Utah Senate Bill 100: Transgender Utahns and Bathrooms
The State of Utah is faced with an ethical decision in the form of Senate Bill 100: Should Utah extend the employment and housing protection that is already offered to other minority populations to its LGBT and same-sex attracted residents?
Recently, the debate over whether or not the bill should be altered has focused on the concern that transgender Utahns may harm children when using employers’ restrooms. As a long-time public ally of transgender Utahns, I have listened to many intensely emotional and personal stories of quests to alleviate personal pain through matching outward gender expression to inward gender identity. The desires to achieve alignment between appearance, behaviors and inner self-perceptions are sincere and founded in deep-seated desires to be whole. The decision to make the physical, outward gender transition is not made lightly and generally comes after several years of suffering in silence while fearing rejection, exclusion and retaliation from community members who judge because they do not understand and have not considered the perspective of their transgender neighbors.
The Golden Rule appeals to our unique human ability to put ourselves in others’ shoes for the purpose of evaluating decisions we face from others’ perspectives so we can be more giving, loving and kind. There are far fewer transgender than LGB and same-sex attracted Utahns and I acknowledge that it is rare to have the opportunity to personally speak to a transgender Utahn. Without this more intimate chance to gain understanding of their stories and perspectives, it can be easy to give quick credence to the fear that children might be harmed when sharing an employer’s restroom with someone whose gender expression does not match his or her biological sex at birth.
Perhaps the determining factor when making tough decisions that will impact our children, community and all of our LGBT and same-sex attracted brothers and sisters should be what the actual, practical everyday impact of the proposed changes to Senate Bill 100 will be in the lives of real people. Utah children may, on very rare occasions, find themselves in an employer’s bathroom with someone whose gender identity and expression do not match the biological sex he or she was born with. While this can seem frightening to some, the likelihood of it occurring often is slight and the real impact on children will be minimal. The transgender population in Utah is very small and the verbiage in the bill does not apply to public restrooms, but to employers’ restrooms. Occasionally washing hands or using a private stall next to a separate private stall where another human being who was born with a biological sex that does not match his or her gender identity or expression would be a very short-lived and have minimal impact on children. Our children already see and experience enough diversity on TV, at school and on the Internet to render this brief experience insignificant in their eyes. In fact, sharing the bathroom with their transgender neighbors will be about the same as sharing the bathroom with their LGB, same-sex attracted and straight neighbors. It won’t mean much; it’s just a trip to the bathroom.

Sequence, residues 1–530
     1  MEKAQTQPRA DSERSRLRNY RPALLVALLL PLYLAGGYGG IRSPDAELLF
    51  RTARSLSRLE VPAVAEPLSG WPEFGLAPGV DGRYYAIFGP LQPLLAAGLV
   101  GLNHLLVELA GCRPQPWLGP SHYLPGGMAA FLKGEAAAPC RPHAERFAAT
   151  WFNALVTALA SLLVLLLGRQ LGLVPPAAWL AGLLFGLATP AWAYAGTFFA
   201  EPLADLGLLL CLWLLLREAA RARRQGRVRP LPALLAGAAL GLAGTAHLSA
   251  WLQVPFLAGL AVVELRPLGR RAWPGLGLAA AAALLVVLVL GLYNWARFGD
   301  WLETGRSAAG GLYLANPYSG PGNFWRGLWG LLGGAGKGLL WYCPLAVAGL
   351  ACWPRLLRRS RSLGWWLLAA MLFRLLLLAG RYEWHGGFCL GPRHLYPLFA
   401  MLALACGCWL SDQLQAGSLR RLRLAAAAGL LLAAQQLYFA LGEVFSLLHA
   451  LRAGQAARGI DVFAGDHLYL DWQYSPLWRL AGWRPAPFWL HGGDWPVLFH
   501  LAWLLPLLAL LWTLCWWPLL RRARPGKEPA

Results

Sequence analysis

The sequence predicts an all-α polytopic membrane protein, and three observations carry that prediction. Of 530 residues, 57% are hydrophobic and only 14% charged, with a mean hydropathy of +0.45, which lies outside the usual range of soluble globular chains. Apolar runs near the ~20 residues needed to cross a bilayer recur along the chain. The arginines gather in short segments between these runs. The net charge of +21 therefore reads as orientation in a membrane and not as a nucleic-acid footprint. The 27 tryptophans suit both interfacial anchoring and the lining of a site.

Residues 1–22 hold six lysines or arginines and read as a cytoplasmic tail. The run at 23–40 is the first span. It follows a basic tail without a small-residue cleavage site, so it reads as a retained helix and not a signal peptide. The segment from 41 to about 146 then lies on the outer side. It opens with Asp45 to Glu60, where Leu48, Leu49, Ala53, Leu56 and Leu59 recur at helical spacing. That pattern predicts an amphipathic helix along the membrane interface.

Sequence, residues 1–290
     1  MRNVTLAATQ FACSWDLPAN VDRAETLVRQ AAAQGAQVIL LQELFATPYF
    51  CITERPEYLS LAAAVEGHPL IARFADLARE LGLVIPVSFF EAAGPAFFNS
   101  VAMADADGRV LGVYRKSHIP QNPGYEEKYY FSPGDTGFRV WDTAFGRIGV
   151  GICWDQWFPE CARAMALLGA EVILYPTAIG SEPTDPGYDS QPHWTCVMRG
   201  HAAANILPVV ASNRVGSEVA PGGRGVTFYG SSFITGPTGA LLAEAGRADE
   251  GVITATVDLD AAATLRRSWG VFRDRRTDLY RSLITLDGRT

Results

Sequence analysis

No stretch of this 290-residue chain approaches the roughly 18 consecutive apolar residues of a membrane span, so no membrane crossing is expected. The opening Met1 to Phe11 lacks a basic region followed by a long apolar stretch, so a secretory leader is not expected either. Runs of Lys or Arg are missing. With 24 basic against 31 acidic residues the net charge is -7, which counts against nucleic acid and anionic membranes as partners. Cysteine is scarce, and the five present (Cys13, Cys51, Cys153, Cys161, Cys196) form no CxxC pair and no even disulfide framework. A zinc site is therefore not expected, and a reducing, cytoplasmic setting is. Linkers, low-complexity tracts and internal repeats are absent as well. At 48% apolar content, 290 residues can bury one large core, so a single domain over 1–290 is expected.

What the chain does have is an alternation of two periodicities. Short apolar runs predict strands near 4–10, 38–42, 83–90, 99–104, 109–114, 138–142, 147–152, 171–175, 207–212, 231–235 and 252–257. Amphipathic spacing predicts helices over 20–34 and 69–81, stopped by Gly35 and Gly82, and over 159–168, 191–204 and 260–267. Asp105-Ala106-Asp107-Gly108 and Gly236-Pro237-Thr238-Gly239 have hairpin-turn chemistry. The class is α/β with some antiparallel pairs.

That said, the significance the changes to Senate Bill 100 would have on the lives of our LGBT and same-sex attracted brothers and sisters is profound. It would provide them housing and job security they have not before known and would communicate to them that Utahns care enough to defend that security. It would indicate that Utahns take the Golden Rule seriously enough to place the concerns of minority populations at the forefront of their minds. It would demonstrate parents’ confidence that children are resilient, hospitable, and accepting and that they themselves are not threatened by the unlikely possibility that children might be negatively effected by a short stop in the bathroom next to a person who is seeking to be whole or has already found personal internal integrity.